Food is one of the necessities of life. It is no surprise that Library Special Collections—which documents the Commonwealth’s culture—has quite a few items related to food. To celebrate this culinary material, an exhibit titled “Food, Glorious Food!” has been installed in the Jackson Gallery, on the second floor of the Kentucky Building. The exhibit will run through June 26.
Each case within the exhibit represents different aspects of Kentucky’s culinary heritage. Chief amongst the cases is one that highlights the collection’s cookbooks. In 2003 the Kentucky Library was the beneficiary of a large number of cookbooks from the estate of Jeanne (Leach) Moore, a Morgantown native. This collection included over 1,500 titles that were added to the collection. This was expanded significantly with a gift from Albert Schmid a few years later. Without a doubt, Library Special Collections boasts one of Kentucky’s most significant cookbook collections. This case features the variety of cookbooks found in the collection ranging from an 1823 early-American cookbook to children’s guides to cookery. Because of the depth of this collection, cookbooks are used throughout the exhibit.
Another focal case features menus from restaurants across the state, ranging from dime store soda fountain menus to those from fine Louisville restaurants. These items are cultural treasures, as they share fares available at various food establishments, costs of items, logos and trademarks, and colorful graphics. This case also includes examples of matchbooks, once a ubiquitous give-away at restaurants, postcards, and business cards.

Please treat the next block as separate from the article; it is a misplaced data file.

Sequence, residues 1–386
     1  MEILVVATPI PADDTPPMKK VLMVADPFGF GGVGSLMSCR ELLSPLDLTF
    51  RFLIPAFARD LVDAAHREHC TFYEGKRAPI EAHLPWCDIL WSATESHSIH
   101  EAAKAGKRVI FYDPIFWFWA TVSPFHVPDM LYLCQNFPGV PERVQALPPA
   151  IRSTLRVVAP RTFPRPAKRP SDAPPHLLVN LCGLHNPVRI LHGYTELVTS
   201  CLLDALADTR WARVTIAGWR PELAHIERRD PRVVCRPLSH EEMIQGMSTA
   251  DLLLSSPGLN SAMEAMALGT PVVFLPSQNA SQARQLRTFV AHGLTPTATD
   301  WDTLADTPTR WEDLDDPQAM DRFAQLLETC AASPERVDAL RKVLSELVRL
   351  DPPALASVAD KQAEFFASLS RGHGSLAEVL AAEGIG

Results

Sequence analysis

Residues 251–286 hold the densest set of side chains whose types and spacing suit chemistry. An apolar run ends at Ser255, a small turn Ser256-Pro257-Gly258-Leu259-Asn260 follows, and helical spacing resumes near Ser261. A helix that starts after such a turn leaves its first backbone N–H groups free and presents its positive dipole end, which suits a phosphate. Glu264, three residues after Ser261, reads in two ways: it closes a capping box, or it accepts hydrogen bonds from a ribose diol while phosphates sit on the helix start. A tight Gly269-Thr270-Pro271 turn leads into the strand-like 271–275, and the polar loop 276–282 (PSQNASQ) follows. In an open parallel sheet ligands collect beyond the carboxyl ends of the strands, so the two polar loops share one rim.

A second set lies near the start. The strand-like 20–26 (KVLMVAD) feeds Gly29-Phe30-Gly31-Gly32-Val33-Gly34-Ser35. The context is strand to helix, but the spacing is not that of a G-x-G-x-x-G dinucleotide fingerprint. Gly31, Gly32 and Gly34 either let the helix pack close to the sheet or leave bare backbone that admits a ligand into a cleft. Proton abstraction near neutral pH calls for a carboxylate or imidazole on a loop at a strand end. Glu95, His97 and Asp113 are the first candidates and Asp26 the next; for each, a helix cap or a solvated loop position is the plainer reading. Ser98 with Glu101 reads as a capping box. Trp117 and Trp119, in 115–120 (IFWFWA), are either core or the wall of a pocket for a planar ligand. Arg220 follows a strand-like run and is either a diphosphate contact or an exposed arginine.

One case includes material related to stoves and ranges. Generally a stove uses coal or wood for a fire source, and a range uses electricity or gas. This case features cookbooks from several appliance companies, photographs of these appliances, and promotional material issued by various manufacturers. Included is a photograph of the showroom of the Louisville Tin & Stove Company which shows many of the company’s wares on display. Also included is a catalog from the same company which indicates the great array of stoves and other items produced by this concern. The last two items were donated by Pam Elrod. The highlight of this case however is a miniature toy stove donated by Marjorie Claggett and appears courtesy of the Kentucky Museum.
Other cases feature images and publications from Western Kentucky University food science classes and other campus food related activities; labels and other items of food packaging; material highlighting some Kentucky food specialties such as cream candy, Hot Browns, derby pie, and mint juleps; and large poster and photographs that document certain aspects of food in the Commonwealth.